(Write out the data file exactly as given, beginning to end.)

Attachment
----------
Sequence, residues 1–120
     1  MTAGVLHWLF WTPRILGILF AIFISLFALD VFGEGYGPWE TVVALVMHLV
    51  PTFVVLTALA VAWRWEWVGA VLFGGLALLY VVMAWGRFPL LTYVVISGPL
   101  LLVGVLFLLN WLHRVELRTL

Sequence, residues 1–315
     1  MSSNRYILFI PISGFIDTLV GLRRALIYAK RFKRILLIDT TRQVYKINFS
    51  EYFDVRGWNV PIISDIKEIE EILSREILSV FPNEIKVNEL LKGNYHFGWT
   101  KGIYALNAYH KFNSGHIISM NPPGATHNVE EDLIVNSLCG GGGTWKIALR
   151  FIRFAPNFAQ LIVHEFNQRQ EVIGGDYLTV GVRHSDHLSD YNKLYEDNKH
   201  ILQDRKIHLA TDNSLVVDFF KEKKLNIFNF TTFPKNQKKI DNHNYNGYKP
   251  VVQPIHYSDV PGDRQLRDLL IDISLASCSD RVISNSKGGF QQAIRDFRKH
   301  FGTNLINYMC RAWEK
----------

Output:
Sequence, residues 1–120
     1  MTAGVLHWLF WTPRILGILF AIFISLFALD VFGEGYGPWE TVVALVMHLV
    51  PTFVVLTALA VAWRWEWVGA VLFGGLALLY VVMAWGRFPL LTYVVISGPL
   101  LLVGVLFLLN WLHRVELRTL

Sequence, residues 1–315
     1  MSSNRYILFI PISGFIDTLV GLRRALIYAK RFKRILLIDT TRQVYKINFS
    51  EYFDVRGWNV PIISDIKEIE EILSREILSV FPNEIKVNEL LKGNYHFGWT
   101  KGIYALNAYH KFNSGHIISM NPPGATHNVE EDLIVNSLCG GGGTWKIALR
   151  FIRFAPNFAQ LIVHEFNQRQ EVIGGDYLTV GVRHSDHLSD YNKLYEDNKH
   201  ILQDRKIHLA TDNSLVVDFF KEKKLNIFNF TTFPKNQKKI DNHNYNGYKP
   251  VVQPIHYSDV PGDRQLRDLL IDISLASCSD RVISNSKGGF QQAIRDFRKH
   301  FGTNLINYMC RAWEK